GILFORD — What began as an effort by town officials to replace the fire department’s 25-year-old Engine 4 has turned into an ongoing public argument between budget committee members and selectmen over whether the town really needs four fire trucks.
The issue is in limbo until some time this week. That’s when Belknap Superior Court Judge Kenneth McHugh is expected to issue his decision on whether the town can hold a special emergency town meeting to ask voters for $241,000 for a replacement truck. Voters defeated an article for such a truck in March.
At a court hearing last Friday, the town’s attorney, Walter Mitchell, Fire Chief Stephen Carrier and others testified to the need to replace Engine 4, arguing the old truck is too costly to repair and the town needs a fourth truck, a pumper, to serve as backup to Engine 1.
But two budget committee members, David Horvath Sr. and Kevin Leandro, spoke against the town meeting request. Leandro told the judge that the issue had been dealt with at town meeting and that Engine 4 is not beyond reasonable repair costs.
Among Leandro’s key points of opposition, though, was the town simply doesn’t need a fourth fire engine. In letters to the editor and at recent town meetings, his point of view has been echoed by residents, some of whom claim Engine 4 hasn’t been used enough in recent years to justify replacing it.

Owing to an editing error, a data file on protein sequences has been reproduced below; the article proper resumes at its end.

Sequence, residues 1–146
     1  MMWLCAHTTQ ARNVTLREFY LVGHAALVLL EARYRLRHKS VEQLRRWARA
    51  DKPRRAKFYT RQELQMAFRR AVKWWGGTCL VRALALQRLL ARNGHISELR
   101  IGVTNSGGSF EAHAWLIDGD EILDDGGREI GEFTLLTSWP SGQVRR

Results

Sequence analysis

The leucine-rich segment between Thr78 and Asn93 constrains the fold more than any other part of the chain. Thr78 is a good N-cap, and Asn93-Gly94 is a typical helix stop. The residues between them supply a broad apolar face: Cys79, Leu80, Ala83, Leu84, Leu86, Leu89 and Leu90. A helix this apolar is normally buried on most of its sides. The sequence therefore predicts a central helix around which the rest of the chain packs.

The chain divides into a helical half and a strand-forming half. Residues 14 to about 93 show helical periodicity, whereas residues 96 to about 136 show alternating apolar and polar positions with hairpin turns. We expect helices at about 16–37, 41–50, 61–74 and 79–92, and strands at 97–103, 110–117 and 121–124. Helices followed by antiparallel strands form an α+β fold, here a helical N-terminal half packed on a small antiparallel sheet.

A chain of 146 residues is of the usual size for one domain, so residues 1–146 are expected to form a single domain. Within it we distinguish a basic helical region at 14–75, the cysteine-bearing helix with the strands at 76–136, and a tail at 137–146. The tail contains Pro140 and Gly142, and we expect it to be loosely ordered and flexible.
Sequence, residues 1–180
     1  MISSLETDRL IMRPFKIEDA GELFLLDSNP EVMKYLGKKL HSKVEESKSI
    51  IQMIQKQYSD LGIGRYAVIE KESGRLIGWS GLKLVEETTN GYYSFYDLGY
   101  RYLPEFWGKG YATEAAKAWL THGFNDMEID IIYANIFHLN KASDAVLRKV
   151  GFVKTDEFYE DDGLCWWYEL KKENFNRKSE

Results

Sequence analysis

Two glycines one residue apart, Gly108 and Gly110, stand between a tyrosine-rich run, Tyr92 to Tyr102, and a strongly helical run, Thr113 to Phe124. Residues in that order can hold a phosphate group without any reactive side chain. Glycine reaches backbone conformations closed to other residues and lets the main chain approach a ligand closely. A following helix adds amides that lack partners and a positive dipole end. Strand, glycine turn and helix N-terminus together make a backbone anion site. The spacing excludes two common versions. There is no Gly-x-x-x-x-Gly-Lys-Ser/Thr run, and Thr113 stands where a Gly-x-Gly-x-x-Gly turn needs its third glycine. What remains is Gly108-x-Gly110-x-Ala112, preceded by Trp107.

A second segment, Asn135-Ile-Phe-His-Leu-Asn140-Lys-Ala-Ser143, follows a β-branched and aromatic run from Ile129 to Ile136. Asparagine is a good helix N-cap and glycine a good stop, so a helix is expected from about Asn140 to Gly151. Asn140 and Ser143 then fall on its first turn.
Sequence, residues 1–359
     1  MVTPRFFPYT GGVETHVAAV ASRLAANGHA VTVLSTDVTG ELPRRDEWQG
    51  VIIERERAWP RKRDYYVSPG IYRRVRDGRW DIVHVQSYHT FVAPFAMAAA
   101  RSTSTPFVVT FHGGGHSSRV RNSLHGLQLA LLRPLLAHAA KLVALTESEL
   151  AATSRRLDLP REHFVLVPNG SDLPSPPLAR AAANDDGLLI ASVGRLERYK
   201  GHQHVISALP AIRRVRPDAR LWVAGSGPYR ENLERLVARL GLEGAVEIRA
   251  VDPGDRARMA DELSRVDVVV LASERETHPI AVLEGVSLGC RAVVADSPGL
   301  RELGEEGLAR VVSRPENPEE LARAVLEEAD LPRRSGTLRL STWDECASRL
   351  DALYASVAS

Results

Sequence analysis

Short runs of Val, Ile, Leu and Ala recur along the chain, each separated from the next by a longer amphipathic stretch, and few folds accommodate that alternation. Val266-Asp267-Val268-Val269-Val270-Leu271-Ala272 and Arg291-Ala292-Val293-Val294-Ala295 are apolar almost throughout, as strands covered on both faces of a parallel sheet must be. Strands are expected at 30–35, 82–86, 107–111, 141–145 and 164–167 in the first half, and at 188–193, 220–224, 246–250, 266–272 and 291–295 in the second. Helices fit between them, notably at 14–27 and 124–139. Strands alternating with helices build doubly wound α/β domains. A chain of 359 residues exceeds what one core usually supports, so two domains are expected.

“I’ve been told by other chiefs from other places that a town our size doesn’t need four fire trucks,” Leandro said before the hearing.
“We have a mutual aid system with other towns that works quite well when we need more trucks.”
In fact, Belmont, a town of a little more than 7,000 people — about the same size as Gilford — also has four trucks. Meredith has fewer than 7,000 people and has six trucks.
“The town of Gilford has had four trucks since 1968,” Carrier said after the hearing. “We’re fairly typical of towns in this area.”
Carrier said the fourth truck plays a vital role in town, so much so that the town has made an arrangement with Laconia to use one of the neighboring city’s engines, if necessary, while Engine 4 is replaced.
“People don’t realize sometimes that we get an influx of people in these towns in the summer and the winter,” Carrier said. “There’s no doubt that we need the fourth truck.”
Before the March meeting, selectmen had recommended the truck, but the budget committee was deadlocked, 6-6, on the issue. Voters defeated the article, 709 in favor to 915 against.
After that vote, town officials looked at other options. A truck repair shop said it would cost at least $50,000 to fix Engine 4 and the town was told that investing more money into Engine 4 may not be wise. A state police inspection took the truck off the road shortly after the March vote.
Town officials hope residents would vote differently, given new information about repair costs and feasibility of repairing the old truck, so they have asked the court for an emergency town meeting for a second vote. The town’s question to voters would be slightly different, asking them to pay about $50,000 a year for 10 years on a $441,000 truck.
The town budget committee supported the latest plan, 8-4, with Leandro and Horvath among those against it.
Leandro isn’t sure that a special town meeting would even solve the issue. “We’ll probably still be arguing about this next March,” he said.
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Dan Seufert may be reached at email@example.com.